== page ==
Remember Apple's iPod silhouette ads? The psychedelic TV spots where people would dance hyperactively with an MP3 player in their hand and headphones in their ears?
Talk about a throwback; those ads stopped running during the Bush administration. But according to a survey released this week by researchers at investment bank Piper Jaffray, that's what most teens are like these days.
No, not the frenetic dancing part. The MP3-players-attached-to-their-hips part.
After surveying a national group of 7,200 teens, analysts at the research arm of Piper Jaffray discovered that teens like listening to music the 2000-and-late way, through downloaded music onto iTunes libraries or MP3 players:
How Teens Listen to Music (%)
That's 42 percent of teens listening to music through MP3s, according to the bank. But what does that statistic mean? Piper Jaffray told us that the "42 percent" figure was compiled from four survey questions, but it hasn't revealed how. Nor has it indicated what that percentage indicates—whether it's 42 percent of teens preferring MP3s over other options, or if it's that, 42 percent of the time they listen to music, teens are using MP3s to do it.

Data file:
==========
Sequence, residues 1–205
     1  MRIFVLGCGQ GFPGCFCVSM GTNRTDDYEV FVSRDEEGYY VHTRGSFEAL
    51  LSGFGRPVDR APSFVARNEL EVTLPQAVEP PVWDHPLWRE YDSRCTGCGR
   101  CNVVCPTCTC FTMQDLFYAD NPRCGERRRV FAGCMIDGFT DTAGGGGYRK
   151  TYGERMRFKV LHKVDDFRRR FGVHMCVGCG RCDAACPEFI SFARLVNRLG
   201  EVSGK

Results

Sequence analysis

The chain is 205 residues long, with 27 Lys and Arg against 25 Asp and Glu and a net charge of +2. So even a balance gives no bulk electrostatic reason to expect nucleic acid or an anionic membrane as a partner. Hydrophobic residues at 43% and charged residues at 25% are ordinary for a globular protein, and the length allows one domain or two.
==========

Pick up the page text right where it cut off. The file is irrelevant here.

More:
Even with the little information, it's enough to ask: Do teens actually listen to MP3s? Consider, first, the dubious finding that Pandora and other streaming methods together attracted only 31 percent of teens. (That category also includes Spotify and sites like Songza.) And consider too that just six months ago—the last time the survey was conducted—only 35 percent of teens said they used MP3s.